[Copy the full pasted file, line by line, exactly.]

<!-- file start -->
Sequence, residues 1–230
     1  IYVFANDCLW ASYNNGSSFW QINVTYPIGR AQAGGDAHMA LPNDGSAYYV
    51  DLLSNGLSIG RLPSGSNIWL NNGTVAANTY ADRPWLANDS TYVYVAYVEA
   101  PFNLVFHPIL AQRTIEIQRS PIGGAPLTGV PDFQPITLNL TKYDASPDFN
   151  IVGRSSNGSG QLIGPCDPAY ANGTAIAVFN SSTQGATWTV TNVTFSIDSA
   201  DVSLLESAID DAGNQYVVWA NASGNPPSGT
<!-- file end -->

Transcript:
Sequence, residues 1–230
     1  IYVFANDCLW ASYNNGSSFW QINVTYPIGR AQAGGDAHMA LPNDGSAYYV
    51  DLLSNGLSIG RLPSGSNIWL NNGTVAANTY ADRPWLANDS TYVYVAYVEA
   101  PFNLVFHPIL AQRTIEIQRS PIGGAPLTGV PDFQPITLNL TKYDASPDFN
   151  IVGRSSNGSG QLIGPCDPAY ANGTAIAVFN SSTQGATWTV TNVTFSIDSA
   201  DVSLLESAID DAGNQYVVWA NASGNPPSGT